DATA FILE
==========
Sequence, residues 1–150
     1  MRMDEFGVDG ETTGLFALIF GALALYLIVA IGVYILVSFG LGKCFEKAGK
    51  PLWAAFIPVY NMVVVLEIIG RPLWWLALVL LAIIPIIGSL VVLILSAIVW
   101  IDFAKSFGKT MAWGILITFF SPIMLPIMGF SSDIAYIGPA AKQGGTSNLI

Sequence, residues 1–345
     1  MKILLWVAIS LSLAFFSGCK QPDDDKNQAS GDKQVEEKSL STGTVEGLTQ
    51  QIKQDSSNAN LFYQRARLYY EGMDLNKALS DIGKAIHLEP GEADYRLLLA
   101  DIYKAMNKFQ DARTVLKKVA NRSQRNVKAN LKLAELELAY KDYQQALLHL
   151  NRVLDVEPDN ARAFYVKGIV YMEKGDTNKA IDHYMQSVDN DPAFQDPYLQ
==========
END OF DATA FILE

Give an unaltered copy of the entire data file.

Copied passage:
Sequence, residues 1–150
     1  MRMDEFGVDG ETTGLFALIF GALALYLIVA IGVYILVSFG LGKCFEKAGK
    51  PLWAAFIPVY NMVVVLEIIG RPLWWLALVL LAIIPIIGSL VVLILSAIVW
   101  IDFAKSFGKT MAWGILITFF SPIMLPIMGF SSDIAYIGPA AKQGGTSNLI

Sequence, residues 1–345
     1  MKILLWVAIS LSLAFFSGCK QPDDDKNQAS GDKQVEEKSL STGTVEGLTQ
    51  QIKQDSSNAN LFYQRARLYY EGMDLNKALS DIGKAIHLEP GEADYRLLLA
   101  DIYKAMNKFQ DARTVLKKVA NRSQRNVKAN LKLAELELAY KDYQQALLHL
   151  NRVLDVEPDN ARAFYVKGIV YMEKGDTNKA IDHYMQSVDN DPAFQDPYLQ